Project Medishare | Volunteer nurse shares journal from Haiti
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Volunteer nurse shares journal from Haiti

  |   Earthquake Response, Uncategorized

By Jennifer Browning

From Pittsburgh, Lynn Byers flew to Port-au-Prince with Project Medishare to work at the field hospital set up there between February 17-23.

Volunteer nurses work 12 hour shifts during their time at the Project Medishare and UM Global Institute hospital. Byers  spent most her time working in the adult ward. She shares her experience including the joys and frustrations that come with working as part of the earthquake relief effort.

Medishare Trip; February 17-23, 2010

Feb 17, 2010 (2300)

I’m here in Haiti! Our flights kept getting changed and delayed, but nevertheless after 3 flights I made it to Haiti. The heat feels good after months of snow and cold.

We rode over to the hospital compound in the back of a pick-up truck. We got a quick tour & orientation, and then some people went to work that night. The fact that a hospital made of tents can have an ER, OR, ICU, pharmacy, Xray, etc. that was set up so quickly is truly amazing! Emily & I set up a small one person tent because all the cots were taken in the big circus like tent. She went to work & I get to sleep outside.

Feb 19, 2010 (0415)

It’s quiet this time in the hospital adult tent. I am working night shift (this is my first of four 12 hour shifts in a row). Last night it down-poured and my tent got soaked, as well as myself. I got an empty cot inside the big tent so I could catch some dry sleep.

One thing I have to get used to is changing in a co-ed tent or in the immodest showers. There’s really no privacy, but I am learning to make-do (as I’m sure females in the military learn to do).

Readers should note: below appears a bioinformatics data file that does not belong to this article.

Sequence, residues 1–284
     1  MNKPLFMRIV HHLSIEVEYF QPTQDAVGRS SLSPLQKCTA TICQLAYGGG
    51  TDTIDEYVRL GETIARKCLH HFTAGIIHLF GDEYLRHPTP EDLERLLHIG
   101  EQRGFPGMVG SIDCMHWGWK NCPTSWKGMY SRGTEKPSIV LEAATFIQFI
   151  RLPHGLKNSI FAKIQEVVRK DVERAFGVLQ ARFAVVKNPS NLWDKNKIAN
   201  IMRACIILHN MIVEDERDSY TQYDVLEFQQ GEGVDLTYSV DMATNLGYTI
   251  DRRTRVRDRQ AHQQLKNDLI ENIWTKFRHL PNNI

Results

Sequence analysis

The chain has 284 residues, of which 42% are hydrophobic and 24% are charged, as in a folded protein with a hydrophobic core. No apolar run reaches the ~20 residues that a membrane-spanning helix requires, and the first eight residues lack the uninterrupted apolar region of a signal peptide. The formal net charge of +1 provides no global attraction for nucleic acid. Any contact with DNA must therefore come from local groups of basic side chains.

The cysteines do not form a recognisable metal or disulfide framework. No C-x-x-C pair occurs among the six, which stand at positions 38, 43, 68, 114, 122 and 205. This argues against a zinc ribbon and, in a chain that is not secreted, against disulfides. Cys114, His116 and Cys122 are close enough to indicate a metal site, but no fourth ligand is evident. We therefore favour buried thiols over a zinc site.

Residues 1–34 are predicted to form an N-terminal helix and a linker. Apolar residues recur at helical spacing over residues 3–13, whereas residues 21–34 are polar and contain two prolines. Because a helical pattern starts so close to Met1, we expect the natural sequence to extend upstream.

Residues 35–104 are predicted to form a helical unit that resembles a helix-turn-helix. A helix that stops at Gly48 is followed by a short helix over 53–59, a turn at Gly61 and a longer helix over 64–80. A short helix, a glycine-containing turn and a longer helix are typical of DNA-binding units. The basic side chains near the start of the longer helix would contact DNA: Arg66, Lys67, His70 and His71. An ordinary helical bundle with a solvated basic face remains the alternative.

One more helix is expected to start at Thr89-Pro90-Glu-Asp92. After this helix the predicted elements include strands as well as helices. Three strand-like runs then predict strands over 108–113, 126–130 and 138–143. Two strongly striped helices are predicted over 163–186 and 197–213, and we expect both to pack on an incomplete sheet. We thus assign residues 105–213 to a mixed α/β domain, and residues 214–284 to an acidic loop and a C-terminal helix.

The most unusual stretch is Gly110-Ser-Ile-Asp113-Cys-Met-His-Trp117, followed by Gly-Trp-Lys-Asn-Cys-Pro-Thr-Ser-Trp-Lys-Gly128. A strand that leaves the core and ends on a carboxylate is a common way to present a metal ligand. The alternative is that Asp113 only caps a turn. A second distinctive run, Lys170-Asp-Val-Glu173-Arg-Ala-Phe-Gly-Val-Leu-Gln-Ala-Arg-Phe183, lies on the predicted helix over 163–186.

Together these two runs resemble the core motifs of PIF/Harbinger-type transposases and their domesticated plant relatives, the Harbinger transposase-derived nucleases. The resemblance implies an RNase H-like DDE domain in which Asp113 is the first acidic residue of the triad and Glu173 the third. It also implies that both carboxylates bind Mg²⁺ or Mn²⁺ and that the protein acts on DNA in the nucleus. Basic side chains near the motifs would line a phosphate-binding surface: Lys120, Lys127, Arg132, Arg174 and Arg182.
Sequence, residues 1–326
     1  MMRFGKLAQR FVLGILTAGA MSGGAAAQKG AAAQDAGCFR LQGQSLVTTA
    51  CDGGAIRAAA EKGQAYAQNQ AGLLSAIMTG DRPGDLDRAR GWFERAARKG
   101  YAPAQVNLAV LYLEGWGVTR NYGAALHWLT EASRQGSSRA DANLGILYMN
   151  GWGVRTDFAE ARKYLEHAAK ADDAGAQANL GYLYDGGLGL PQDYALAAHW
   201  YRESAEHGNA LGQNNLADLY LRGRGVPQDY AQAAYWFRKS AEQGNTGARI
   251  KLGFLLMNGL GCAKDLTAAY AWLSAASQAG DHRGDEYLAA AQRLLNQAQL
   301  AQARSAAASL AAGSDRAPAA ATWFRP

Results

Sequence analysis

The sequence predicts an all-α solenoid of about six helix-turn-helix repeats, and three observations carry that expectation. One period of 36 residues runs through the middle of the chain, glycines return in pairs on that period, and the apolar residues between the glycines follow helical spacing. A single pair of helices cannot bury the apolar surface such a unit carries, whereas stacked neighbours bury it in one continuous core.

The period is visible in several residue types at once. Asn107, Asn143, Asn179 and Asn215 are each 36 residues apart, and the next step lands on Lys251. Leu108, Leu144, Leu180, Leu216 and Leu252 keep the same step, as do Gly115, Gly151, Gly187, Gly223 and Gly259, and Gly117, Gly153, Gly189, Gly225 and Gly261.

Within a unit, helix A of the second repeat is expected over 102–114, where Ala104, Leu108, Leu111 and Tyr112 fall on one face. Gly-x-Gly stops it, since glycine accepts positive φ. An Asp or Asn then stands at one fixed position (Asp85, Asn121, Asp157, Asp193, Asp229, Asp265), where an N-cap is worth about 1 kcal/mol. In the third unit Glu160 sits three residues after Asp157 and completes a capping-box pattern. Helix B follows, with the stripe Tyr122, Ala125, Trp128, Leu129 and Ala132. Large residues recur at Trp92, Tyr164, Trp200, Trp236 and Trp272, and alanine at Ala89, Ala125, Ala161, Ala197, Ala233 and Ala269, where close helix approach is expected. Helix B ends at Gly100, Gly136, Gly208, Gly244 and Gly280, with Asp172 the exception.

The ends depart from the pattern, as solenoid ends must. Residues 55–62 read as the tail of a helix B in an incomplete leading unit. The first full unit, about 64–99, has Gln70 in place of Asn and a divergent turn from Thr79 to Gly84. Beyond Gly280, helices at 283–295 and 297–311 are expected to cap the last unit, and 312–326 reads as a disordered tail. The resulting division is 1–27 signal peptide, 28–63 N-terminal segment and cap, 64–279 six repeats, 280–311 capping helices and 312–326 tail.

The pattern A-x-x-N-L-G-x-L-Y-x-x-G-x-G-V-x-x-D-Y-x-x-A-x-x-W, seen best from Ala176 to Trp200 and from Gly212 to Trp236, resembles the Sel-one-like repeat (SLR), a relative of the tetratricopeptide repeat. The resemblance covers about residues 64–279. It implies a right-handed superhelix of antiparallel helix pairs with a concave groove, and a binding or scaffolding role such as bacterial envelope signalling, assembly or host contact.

I woke up early the first day (Feb 18th) thinking I might working day shift. So I stayed up for awhile. I donated my supplies. I met the chaplain. We went around passing out dum-dums I brought for the children. Almost all the kids had a smile to their face. They are so strong for going what they have gone through. One child had his arm amputated with a pocket-knife. We met a beautiful baby boy that was born yesterday. We then went to the adult tent and prayed with the patients. We even had one guy sing us a hymnal (in French Creole of course). I noticed that the patients sing at times, which is so beautiful to see that in the midst of tragedy.

This type of nursing is very different. I have 11 patients. I was just trying to get a flow of what to do. Very basic assessment, pass meds, make sure all the orders were done for the day; and then make sure people are breathing, IV bags are dripping, & people are medicated for pain. There’s no real charting except meds and if something significant happens. We have no heplocks for IV’s, so we just have to leave the IV bags attached. I’ve gotten good at pulling air out of IV tubing. The pharmacy meds are just out in the open on shelves (including narcotics…but there’s been no issue with people stealing it).

Patients are just lined up side to side with no privacy (no curtains) and no gender separation. They have to pee and bathe in the open. The urine is taken outside to a bin (that is emptied with the porta potties). The family members do all the aid type work and stay over night. But I don’t mind that they stay because they are actually helpful instead of being annoying like a lot of family members back home. Co-workers are great because the people there want to work. We are all volunteers. Even the doctors are laid-back and easy to get along with. We are making do with the supplies we have and we were laughing together to keep the mood good.

We have plenty of Haitian translators & transporters. There’s one stretcher with wheels, but they don’t use it. Instead a couple Haitian men carry the stretcher by hand. The Haitians are hard-working and want work. They want to get their country back to functioning. The worst thing I did was forget my watch. I am getting pretty good at guessing the time. There are no clocks on the wall. There is some electricity though from generators.

My patients diagnoses range from: pneumothorax from a stabbing, malaria, pressure ulcer on paralyed patient, broken bones, severe malnutrition (He was stuck under the rubble 22 days…his H & H is 5.1 and 13%…crazy! no blood transfusions). I have wound vacs, foleys, external fixators, dressings, chest tube.